Recreational sunbathing is a social custom engaged by millions of people in America and around the world. Where there are sunbathers, there will be sun burners. The custom will continue along with advice on the subject.
Skin is the largest organ of the body and the only one directly exposed to the environment. The redness (erythema) of sunburn is a heat reaction. Blood vessels in the middle layer of skin (dermis) open up in response to heat, allowing more blood to follow, so they skin becomes red, usually 4 to 12 hours after exposure.
The darkening effect (tanning) occurs when specialized skin cells called melanocytes produce the pigment melanin. This darkening of the skin is actually a protective measure against the ultraviolet portion of sunlight.
Your skin type plays a big role in what happens when you are out in the sun. Types range from 1 to 6. Type 1 are fair, light-skinned people usually with red or blonde hair. They burn but do not tan. Type 6 individuals have the darkest skin color; tanning is not really an option for them. They may still occasionally get a burn. The majority of the U.S. population is Type 4. These people have medium complexions, low ability to burn and will tan well.
In order to avoid a visit to an urgent care doctor, it would be wise to pay some attention to the UV Index, if you plan to be out in the sun for a prolonged period. Developed by the National Weather Service, numbers range from zero (no UV) to 11-plus (extreme UV). At Level UV 3 or 4 the average person would burn in 45 minutes. At Level UV 10, it would take only 10 minutes. These times are without using sunscreen.
One of the most important aspects of skin protection is sunscreen; some call it sunblock or suntan lotion. This brings us to a discussion of skin protective factor, the SPF number. Simply stated, the SPF can be defined as a measure of time you can sunbathe without getting burned. However, this easy to understand explanation is somewhat of an over simplification. You see, the SPF is calculated under strict laboratory conditions not usually found at your local beach or park. The higher the SPF, the greater the ability to block out harmful UV rays.
Here’s an example of how SPF numbers work. Lotion with SPF 4 would block out 75% of UV rays; SPF 15 would block 93%; SPF 30 would block 96% and SPF 50 would block 98%. The important point is that going from a 15 to a 30 does not double the protection; actually it only increases by 3%. Most lotions provide protection to the stronger UVB rays. Look for “broad spectrum” agent for protection against both UVA and UVB. These usually have a rating of SPF 15 or more.
Now, to some, there is something quite compelling about having a tan in the winter when nearly everybody else is pale. Indoor tanning facilities have become quite popular with teens and young adults. Tanning lamps emit 4% to 10% of their light as ultraviolet (UVA, most often). Depending upon bulb intensity, 6 to 10 minutes in a tanning booth is equivalent to an hour or more of outdoor sun. Some reports indicated that indoor UV tanners have a 74% greater risk of developing skin cancers.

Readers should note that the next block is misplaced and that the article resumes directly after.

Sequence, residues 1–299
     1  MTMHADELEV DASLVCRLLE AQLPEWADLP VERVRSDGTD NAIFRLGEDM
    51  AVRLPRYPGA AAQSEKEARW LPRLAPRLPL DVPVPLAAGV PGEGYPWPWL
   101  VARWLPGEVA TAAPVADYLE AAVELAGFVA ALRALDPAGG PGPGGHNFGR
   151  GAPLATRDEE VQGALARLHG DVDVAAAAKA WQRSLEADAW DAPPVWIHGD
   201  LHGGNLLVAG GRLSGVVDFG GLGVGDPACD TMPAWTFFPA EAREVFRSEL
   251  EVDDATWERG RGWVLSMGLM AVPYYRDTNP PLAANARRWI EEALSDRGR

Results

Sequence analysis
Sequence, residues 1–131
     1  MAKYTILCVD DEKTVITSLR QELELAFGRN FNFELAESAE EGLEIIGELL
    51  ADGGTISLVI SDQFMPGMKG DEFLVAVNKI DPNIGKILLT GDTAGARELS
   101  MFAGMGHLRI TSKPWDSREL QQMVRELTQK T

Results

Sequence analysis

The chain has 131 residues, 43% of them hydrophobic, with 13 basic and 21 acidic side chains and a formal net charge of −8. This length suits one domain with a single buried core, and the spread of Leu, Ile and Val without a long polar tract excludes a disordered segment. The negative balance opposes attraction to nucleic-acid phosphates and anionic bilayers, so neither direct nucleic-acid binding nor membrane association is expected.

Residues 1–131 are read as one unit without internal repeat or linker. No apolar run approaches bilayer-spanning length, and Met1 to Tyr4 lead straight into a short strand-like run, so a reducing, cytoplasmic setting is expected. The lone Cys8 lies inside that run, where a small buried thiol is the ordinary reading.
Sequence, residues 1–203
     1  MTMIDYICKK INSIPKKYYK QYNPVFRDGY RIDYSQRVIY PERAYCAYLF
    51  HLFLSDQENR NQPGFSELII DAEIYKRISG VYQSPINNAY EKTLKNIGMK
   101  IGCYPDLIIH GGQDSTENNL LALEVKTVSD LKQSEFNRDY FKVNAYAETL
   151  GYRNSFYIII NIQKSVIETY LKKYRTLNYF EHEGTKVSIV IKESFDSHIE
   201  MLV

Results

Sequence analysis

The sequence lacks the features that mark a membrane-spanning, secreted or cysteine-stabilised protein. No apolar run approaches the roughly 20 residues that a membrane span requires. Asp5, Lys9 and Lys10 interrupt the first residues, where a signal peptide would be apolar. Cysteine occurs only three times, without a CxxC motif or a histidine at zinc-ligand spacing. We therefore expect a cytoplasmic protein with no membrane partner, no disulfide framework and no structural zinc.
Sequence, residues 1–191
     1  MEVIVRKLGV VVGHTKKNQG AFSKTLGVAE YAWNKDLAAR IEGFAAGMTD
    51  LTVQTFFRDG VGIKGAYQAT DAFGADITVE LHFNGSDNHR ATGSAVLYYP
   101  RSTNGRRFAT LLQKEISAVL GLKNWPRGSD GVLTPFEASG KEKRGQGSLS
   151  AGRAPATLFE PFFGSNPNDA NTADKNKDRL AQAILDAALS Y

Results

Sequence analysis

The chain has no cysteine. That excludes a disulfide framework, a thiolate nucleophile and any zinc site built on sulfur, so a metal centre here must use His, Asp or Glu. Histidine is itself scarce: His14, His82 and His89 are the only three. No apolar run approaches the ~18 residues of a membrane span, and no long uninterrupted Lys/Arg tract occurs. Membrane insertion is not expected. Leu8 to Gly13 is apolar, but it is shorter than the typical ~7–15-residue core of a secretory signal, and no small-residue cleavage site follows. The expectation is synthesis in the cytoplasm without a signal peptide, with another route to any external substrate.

The Risk Factors
Medical problems caused by over exposure to the sun may be immediate or delayed. The most common problem is partial thickness (first degree) sunburn. The skin is red, hot and painful without blisters. Treat with cool, wet towels, aloe gel, and over-the-counter hydrocortisone cream. For pain in adults, treat with aspirin or ibuprofen. In children, treat pain with acetaminophen or ibuprofen; don’t give aspirin to children under 18 years old. If the skin is blistered, this is a partial thickness (second degree) burn. Don’t break these blisters; go see your urgent care doctor in Middletown or Berkeley Heights.
Sunburn associated with the following symptoms requires immediate medical attention from an urgent care doctor:
- Muscle cramps
- Headache or fever may be a sign of a more serious condition such as sun poisoning or sunstroke
Delayed skin effects include sores that may become cancerous (actinic keratosis) or skin that takes on a rough, wrinkled or leathery appearance. More serious conditions are the skin cancers of the basal and squamous cell types and the melanomas.
The information provided will hopefully make you, shall I say, a better informed consumer of solar radiation. See you on the beach. Don’t forget your sunblock.
John Morlino, DO, has been with eMedical Urgent Care since 1984. He is board-certified in emergency medicine. Dr. Morlino earned his medical degree from Philadelphia College of Osteopathic Medicine and completed his family practice residency at Union Memorial Hospital, Union, N.J. Dr. Morlino holds a bachelor’s degree in biology and physics/mathematics. He also is a certified paralegal.